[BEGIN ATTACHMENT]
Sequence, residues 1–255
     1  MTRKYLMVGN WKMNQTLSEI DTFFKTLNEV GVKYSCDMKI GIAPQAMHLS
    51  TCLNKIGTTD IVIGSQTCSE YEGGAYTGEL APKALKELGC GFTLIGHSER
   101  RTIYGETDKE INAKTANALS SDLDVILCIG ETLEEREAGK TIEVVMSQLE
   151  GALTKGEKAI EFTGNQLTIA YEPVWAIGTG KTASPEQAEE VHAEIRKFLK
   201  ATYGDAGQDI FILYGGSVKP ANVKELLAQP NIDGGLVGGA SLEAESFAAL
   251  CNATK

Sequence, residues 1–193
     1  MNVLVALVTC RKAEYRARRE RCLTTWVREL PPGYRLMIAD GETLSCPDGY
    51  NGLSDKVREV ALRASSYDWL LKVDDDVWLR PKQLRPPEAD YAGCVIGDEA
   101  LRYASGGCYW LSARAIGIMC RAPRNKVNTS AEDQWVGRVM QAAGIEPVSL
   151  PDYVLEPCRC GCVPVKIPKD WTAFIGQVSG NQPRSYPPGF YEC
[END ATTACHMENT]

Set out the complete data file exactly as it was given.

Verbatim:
Sequence, residues 1–255
     1  MTRKYLMVGN WKMNQTLSEI DTFFKTLNEV GVKYSCDMKI GIAPQAMHLS
    51  TCLNKIGTTD IVIGSQTCSE YEGGAYTGEL APKALKELGC GFTLIGHSER
   101  RTIYGETDKE INAKTANALS SDLDVILCIG ETLEEREAGK TIEVVMSQLE
   151  GALTKGEKAI EFTGNQLTIA YEPVWAIGTG KTASPEQAEE VHAEIRKFLK
   201  ATYGDAGQDI FILYGGSVKP ANVKELLAQP NIDGGLVGGA SLEAESFAAL
   251  CNATK

Sequence, residues 1–193
     1  MNVLVALVTC RKAEYRARRE RCLTTWVREL PPGYRLMIAD GETLSCPDGY
    51  NGLSDKVREV ALRASSYDWL LKVDDDVWLR PKQLRPPEAD YAGCVIGDEA
   101  LRYASGGCYW LSARAIGIMC RAPRNKVNTS AEDQWVGRVM QAAGIEPVSL
   151  PDYVLEPCRC GCVPVKIPKD WTAFIGQVSG NQPRSYPPGF YEC